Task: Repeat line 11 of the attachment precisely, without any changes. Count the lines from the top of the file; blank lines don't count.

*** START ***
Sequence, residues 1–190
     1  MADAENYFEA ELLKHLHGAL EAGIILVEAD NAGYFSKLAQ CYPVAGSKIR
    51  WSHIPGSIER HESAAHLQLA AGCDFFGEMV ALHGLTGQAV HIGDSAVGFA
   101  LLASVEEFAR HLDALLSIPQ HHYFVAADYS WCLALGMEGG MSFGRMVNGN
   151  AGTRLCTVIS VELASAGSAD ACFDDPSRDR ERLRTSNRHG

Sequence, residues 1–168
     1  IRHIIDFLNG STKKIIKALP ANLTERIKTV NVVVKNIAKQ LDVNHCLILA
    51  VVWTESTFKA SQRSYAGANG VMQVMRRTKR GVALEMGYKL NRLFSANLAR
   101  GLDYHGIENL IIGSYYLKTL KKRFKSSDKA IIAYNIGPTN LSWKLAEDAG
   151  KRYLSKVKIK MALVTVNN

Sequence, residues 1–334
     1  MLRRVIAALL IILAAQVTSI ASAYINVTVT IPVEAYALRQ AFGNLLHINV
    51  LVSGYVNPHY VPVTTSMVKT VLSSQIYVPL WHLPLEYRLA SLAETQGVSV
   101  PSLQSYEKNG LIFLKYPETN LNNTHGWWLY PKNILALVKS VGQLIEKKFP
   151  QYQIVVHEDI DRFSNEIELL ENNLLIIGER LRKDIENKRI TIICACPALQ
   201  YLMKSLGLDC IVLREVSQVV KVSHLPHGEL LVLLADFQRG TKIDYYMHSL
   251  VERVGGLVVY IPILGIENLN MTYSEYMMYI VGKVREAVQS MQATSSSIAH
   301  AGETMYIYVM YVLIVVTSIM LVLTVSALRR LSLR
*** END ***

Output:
Sequence, residues 1–334